NOT LONG enough, many teachers will no doubt be saying about the summer holidays now come to an end. Too long by far, parents might reply. The seven weeks enjoyed by most schools owe nothing to reasoned debate about the best way of organising the teaching year. They are a tradition arising from the agricultural calendar which many families had to observe until comparatively recently. Industry in the era of large factories might have imposed a different discipline. Whole towns would shut down for only a single week, latterly two.
There will be alarm that Aberdeen has suggested shorter terms and more breaks, and the fact that Craighalbert, a centre for children with cerebral palsy, works an extended year (page six) will be explained as, literally, "special needs". The profession is willing to contemplate upheaval to the curriculum but not to the pattern of work and leisure. Remember how "tattie holidays" metamorphosed into the non-vocational "October week"?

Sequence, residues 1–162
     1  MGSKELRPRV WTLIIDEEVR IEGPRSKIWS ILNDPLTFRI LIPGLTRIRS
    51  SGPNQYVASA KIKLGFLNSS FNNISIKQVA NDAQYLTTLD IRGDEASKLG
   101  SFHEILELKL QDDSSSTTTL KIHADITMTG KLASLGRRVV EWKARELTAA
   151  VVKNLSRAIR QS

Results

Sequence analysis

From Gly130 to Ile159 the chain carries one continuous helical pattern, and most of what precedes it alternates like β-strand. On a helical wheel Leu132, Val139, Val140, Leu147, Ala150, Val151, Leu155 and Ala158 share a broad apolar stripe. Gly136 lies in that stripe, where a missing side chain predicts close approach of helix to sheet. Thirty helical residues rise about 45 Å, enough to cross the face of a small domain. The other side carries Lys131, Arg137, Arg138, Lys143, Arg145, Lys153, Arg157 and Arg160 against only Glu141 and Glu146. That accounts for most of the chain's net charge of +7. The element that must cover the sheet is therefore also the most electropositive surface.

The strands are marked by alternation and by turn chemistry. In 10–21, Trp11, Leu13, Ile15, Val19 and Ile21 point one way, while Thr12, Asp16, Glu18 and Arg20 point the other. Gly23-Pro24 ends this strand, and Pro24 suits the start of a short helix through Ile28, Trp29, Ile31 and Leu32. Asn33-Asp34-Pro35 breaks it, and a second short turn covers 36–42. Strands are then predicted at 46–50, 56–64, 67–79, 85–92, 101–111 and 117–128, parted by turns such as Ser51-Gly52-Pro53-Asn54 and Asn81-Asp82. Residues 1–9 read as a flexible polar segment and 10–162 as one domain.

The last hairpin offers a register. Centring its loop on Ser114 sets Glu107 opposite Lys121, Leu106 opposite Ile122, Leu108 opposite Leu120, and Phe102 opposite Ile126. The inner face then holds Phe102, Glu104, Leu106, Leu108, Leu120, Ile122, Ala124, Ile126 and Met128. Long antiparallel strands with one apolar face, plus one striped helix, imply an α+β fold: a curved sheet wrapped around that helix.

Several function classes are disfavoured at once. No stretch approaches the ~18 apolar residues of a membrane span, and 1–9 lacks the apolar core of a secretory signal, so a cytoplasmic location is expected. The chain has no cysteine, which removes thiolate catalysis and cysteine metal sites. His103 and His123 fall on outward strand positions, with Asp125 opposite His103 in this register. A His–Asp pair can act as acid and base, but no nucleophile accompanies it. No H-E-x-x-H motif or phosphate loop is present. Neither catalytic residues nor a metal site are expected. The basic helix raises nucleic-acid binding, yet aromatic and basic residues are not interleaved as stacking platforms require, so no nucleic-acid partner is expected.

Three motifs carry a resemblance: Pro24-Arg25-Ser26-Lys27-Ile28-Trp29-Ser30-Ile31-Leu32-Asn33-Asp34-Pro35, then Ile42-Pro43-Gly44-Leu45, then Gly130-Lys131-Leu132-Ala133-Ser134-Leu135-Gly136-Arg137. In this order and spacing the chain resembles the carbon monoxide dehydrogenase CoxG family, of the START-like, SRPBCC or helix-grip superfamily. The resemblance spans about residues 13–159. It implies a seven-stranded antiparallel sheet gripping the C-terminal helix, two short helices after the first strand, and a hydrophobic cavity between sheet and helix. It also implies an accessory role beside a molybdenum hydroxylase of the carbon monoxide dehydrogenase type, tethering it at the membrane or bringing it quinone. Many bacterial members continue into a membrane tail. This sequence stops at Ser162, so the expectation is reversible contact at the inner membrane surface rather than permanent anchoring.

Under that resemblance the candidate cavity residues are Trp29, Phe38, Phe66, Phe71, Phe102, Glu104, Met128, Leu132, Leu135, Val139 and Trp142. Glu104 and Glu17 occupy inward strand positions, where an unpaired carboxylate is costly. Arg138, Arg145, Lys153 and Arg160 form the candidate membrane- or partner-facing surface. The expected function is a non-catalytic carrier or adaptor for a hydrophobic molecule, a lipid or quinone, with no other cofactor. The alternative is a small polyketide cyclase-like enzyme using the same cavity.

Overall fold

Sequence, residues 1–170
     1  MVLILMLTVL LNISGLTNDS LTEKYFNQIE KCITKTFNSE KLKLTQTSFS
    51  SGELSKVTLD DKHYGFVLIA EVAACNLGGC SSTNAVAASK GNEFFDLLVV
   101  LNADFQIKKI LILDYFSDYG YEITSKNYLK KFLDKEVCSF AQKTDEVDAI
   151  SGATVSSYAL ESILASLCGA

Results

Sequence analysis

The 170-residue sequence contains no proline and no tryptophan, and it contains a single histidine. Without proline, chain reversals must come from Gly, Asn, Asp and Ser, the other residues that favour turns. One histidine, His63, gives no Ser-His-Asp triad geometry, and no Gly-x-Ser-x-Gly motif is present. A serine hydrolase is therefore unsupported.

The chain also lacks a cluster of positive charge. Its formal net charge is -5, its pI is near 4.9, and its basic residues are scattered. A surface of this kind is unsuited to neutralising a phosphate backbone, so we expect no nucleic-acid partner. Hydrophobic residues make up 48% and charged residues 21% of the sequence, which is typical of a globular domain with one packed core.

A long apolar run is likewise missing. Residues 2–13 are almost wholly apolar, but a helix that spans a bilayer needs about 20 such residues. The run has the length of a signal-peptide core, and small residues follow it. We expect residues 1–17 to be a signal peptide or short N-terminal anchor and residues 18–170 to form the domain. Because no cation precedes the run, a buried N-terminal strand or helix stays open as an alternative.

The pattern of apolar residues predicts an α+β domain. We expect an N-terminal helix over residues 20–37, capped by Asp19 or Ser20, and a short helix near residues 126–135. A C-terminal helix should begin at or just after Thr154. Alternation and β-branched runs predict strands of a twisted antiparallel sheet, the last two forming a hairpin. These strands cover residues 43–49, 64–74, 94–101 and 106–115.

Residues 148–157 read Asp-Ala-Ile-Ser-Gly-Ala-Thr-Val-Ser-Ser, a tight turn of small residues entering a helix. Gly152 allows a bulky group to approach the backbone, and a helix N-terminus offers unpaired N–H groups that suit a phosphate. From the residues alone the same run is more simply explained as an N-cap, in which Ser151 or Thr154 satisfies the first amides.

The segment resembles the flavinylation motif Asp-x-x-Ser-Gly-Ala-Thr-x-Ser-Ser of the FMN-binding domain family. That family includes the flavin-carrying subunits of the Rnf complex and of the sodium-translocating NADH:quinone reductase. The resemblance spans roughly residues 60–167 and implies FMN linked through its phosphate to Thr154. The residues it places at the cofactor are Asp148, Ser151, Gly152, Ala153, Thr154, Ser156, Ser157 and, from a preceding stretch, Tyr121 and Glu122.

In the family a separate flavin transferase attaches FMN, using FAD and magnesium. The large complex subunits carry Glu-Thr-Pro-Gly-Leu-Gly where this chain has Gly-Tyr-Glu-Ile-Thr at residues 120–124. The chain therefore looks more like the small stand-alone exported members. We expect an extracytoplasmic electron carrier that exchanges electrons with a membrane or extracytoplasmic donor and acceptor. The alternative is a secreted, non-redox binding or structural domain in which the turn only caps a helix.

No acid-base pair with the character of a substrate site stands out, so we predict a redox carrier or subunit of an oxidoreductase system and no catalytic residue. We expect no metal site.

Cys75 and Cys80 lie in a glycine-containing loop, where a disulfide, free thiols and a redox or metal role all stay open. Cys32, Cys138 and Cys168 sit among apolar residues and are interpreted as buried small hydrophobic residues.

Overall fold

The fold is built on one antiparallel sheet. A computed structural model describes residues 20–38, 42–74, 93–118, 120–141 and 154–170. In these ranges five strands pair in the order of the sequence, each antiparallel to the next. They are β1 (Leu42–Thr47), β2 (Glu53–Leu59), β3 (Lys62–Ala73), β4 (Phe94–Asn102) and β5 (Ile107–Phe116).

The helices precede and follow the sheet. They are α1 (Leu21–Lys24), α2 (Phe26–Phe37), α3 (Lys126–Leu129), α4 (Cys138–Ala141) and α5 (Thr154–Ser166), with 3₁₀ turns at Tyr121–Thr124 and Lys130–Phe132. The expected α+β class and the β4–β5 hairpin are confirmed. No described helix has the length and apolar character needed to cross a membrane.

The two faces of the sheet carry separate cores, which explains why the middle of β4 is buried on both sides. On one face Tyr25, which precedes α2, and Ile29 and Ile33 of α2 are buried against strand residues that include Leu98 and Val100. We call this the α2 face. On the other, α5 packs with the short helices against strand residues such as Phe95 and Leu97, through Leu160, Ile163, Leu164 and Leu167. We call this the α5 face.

Further education colleges and even hidebound universities have had to revise their calendars. They are subject to consumer pressure, largely from mature and part-time students. School holiday dates are decided by councillors. So far parents have not used school boards to argue contrary timings. But if pupils become overtired in the long winter and spring months, only to be bored in damp summer, there is surely a case for at least inquiring how teaching, learning and play are best organised.